She's something of a loser, I'd say, someone who never got an even break. Her parents cared more for their stuffed hedgehog than they did for her, she tells us. One day, after her parents are both dead, she gets the grand idea to create a catapault because she's ridding herself of their things and there's a junk yard right next door.
She builds the hurler, launches her dad's bagpipes--and a ton of other things--over the fence because, she says, she loves to see things inflight. Soon, her equally woebegone neighbor comes over and tells her they can turn a dollar on this machine if they advertise its nearly magical power to make you feel better--after all, watching the detritus of our lives fly, fly away offers a emotional uplift to hurler as well as the hurlee and who not else.
They advertise. People show up by the dozens, some of them--and here's the magical part--actually reaching right into their chests, extracting their own broken hearts, and gleefully launching them, two-pound bloody messes, into the oily goo on the other side of yonder fence. It's great fun. In fact, once she's seen it done, the woman who dreamed up the gizmo pulls out her own bloody muscle and launches it herself.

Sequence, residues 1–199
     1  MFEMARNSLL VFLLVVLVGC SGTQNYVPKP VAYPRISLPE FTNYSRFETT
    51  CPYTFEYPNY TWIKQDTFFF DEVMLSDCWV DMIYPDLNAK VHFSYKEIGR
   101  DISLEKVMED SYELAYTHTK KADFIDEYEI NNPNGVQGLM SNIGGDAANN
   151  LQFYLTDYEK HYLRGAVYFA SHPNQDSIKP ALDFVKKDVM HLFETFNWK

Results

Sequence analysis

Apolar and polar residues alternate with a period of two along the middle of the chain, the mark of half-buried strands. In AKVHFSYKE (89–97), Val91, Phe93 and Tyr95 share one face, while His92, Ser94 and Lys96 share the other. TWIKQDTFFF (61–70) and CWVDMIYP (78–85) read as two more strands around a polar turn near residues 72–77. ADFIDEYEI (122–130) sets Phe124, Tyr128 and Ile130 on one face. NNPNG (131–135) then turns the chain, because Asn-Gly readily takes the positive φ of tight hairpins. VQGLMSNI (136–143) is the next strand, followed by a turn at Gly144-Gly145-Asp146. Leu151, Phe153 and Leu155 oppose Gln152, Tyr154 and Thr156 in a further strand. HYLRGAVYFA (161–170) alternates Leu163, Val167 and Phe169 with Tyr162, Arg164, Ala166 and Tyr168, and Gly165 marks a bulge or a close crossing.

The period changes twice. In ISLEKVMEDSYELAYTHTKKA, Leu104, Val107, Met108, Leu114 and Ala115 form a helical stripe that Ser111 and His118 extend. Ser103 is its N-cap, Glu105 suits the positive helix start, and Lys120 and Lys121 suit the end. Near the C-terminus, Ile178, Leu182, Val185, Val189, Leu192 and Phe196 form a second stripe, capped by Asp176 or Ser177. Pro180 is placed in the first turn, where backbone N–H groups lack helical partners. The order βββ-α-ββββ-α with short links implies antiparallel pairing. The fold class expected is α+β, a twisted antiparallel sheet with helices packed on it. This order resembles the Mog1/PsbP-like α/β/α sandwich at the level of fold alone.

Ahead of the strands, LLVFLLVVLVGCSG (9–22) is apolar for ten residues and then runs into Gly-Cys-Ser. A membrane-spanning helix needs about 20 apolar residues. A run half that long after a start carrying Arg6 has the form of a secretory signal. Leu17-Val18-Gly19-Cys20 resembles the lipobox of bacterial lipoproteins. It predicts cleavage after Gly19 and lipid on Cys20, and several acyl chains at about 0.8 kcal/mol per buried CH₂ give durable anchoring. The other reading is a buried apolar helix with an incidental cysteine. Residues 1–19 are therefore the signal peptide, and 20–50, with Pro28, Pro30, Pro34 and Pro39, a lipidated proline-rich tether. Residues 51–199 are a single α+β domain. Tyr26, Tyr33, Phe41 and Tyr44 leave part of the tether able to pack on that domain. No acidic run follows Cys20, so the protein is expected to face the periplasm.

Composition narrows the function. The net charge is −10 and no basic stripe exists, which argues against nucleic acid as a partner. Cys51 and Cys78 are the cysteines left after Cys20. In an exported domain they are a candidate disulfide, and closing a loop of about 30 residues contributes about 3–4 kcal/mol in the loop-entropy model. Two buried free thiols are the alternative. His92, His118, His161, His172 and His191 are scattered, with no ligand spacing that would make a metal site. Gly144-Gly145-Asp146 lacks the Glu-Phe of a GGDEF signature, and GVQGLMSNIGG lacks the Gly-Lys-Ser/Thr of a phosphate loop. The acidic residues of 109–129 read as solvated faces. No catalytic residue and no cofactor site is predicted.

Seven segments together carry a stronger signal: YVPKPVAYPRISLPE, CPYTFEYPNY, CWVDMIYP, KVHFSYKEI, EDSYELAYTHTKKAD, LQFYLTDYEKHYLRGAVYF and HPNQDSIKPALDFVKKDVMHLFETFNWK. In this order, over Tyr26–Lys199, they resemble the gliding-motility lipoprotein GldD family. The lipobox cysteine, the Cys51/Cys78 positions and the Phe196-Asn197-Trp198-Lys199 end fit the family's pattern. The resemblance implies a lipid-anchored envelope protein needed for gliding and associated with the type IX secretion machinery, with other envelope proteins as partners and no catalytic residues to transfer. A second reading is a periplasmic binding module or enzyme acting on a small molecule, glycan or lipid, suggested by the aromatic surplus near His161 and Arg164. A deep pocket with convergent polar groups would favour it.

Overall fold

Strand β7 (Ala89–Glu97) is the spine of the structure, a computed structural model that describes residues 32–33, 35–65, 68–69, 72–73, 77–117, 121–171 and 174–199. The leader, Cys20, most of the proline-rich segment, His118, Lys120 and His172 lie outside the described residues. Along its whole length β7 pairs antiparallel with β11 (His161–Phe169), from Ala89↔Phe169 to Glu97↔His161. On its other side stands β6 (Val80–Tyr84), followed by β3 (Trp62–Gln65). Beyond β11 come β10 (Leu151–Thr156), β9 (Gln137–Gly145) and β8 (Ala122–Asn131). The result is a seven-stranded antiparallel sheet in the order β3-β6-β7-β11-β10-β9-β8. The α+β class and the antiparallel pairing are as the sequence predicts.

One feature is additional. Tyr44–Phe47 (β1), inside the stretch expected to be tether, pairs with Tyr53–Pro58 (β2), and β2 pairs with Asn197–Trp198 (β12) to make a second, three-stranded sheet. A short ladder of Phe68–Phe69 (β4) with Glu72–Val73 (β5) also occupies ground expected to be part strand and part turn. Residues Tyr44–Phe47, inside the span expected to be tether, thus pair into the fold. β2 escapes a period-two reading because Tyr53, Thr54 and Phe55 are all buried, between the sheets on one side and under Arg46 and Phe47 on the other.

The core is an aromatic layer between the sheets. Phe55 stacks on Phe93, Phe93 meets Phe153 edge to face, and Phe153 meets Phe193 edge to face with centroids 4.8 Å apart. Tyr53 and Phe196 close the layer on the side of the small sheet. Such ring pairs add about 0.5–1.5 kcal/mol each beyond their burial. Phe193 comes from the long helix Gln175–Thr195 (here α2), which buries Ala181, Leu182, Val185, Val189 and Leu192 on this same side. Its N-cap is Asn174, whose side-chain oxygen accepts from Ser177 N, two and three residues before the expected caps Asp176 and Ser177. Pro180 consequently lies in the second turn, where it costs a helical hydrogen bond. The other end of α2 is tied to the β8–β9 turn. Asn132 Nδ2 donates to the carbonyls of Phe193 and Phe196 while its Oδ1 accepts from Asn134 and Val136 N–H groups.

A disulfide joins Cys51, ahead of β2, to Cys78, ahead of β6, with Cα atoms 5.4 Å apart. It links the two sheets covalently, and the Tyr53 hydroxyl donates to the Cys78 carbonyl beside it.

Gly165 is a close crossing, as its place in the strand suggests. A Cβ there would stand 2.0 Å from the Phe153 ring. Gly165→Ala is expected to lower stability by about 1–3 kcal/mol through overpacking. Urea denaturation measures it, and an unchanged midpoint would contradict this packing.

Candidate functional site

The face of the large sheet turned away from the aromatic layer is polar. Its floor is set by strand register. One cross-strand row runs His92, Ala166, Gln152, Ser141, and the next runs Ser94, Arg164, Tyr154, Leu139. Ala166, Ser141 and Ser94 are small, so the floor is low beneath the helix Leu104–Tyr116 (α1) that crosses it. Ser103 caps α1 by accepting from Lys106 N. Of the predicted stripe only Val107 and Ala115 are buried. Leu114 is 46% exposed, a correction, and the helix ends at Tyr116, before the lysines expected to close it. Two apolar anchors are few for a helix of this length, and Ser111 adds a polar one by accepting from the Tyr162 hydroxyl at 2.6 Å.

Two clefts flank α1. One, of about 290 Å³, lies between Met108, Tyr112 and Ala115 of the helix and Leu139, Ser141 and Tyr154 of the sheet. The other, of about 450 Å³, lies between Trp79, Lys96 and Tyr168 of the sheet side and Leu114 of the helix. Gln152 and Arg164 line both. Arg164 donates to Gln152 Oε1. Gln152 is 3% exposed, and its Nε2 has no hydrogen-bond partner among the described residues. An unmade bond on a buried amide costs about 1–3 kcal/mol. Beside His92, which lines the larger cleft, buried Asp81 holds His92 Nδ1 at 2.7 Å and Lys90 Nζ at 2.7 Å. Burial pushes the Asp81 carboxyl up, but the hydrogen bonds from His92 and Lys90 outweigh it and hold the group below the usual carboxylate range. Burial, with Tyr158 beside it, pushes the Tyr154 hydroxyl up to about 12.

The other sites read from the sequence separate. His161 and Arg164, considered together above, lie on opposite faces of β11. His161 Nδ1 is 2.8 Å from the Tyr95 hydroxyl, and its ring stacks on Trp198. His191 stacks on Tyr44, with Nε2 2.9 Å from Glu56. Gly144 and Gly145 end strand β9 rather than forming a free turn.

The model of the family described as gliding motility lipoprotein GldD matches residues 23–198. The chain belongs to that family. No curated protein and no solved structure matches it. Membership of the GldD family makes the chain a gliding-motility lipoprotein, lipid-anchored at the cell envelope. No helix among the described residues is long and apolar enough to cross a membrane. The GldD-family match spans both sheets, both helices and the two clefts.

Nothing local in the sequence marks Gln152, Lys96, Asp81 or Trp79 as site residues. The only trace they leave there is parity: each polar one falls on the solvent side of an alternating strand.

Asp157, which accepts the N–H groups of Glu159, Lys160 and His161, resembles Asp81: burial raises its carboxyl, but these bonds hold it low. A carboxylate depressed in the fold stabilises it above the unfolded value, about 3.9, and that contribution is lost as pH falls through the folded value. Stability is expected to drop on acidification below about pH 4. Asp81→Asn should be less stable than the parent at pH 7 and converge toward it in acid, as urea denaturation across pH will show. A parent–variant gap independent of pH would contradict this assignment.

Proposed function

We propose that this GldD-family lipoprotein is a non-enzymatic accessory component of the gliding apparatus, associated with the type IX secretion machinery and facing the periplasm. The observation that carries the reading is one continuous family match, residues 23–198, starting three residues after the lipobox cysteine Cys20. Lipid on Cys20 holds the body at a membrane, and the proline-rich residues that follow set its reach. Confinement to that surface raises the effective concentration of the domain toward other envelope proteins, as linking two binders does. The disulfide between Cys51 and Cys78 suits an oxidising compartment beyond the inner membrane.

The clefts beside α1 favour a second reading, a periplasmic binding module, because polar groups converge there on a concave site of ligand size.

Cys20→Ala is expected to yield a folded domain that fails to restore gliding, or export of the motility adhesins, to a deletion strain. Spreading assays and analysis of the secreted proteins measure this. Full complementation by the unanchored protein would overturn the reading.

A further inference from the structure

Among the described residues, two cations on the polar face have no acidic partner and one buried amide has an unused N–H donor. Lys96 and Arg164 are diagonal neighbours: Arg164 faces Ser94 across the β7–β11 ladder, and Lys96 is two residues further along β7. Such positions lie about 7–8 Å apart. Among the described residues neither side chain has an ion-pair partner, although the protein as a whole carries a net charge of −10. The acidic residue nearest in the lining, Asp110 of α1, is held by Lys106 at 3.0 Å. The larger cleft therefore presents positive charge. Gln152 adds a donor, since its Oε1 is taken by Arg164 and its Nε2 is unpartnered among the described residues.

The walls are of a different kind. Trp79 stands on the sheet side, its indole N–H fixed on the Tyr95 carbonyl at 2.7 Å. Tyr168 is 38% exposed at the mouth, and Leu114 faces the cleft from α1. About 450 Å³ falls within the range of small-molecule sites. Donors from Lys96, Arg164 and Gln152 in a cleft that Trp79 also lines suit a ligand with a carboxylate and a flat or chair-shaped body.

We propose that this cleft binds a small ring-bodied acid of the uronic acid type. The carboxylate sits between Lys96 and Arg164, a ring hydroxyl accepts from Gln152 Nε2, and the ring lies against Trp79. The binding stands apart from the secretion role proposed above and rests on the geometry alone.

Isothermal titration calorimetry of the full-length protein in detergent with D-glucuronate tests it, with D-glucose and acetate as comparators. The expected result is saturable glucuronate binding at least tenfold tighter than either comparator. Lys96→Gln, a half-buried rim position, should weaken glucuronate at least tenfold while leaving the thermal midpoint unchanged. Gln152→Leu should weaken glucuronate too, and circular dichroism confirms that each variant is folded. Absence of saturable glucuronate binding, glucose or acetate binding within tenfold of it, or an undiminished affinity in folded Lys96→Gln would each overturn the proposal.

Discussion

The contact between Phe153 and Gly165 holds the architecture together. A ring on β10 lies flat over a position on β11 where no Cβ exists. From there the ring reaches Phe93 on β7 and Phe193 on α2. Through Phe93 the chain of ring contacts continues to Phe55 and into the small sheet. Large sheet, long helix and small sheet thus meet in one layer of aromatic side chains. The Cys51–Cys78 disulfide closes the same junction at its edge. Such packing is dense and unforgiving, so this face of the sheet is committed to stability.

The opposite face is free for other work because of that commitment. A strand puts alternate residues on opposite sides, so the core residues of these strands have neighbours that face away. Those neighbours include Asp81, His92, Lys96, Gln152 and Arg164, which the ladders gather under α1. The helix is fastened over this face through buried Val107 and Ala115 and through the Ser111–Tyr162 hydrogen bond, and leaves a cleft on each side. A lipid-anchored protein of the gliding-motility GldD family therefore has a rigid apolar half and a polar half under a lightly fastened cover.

It's a short story by Gina Ochsner, something titled "The Hurler," and it's in her book People I Wanted to Be, and yesterday in class I was surprised when no one wondered about the efficacy of such behavior. The woman who launches hearts doesn't feel much relief when hers is catapaulted into the stinky morass. What she did haunts her, in fact.
I have good students. They're smart kids. But this parable baffled them--they were sure that the story was meant to show how good people with broken hearts could simply toss them away like bad habits.
Then the old man--me--comes along and asks them if suffering is ever good for them. Their faces twist as if they've just bitten into something sour, and I feel like the dentist who's telling them that chocolate bars are a no-no. What does the Bible say, I ask them, like some mid-20th century Calvinist preacher? They look down at their desktops as if they're expecting a caning. Nothing worse for Christian students than to flunk--publically--some kind of righteousness test.
Slowly it comes to them--suffering builds character, and etc. (Romans 5, I whisper). But the answer brings no relief. "Oh," they say, as if disappointed. The idea of just flinging your broken heart away and ending all your sorrows and all your miseries and all your horrors is just too blasted good.
And it is. Sometimes I just don't know how God almighty expects us to buy what he says. Sometimes it's just too hard. Load up all your cares and burdens on a backboard-sized platform, trip the magic trigger, and whoosh!--they're launched into an oily mess of gunky horrors. Done.
Who wouldn't stand in line and pay good money?
No, no, no, Paul says. Understand. Broken hearts build character. And character brings hope--and all of that. Sure. Read it yourself.
But I feel the sour look on my students' faces. I say, with them, bring on the hurler.
This morning I'm thankful for a short story that made them think--and me too. Even if it hurt.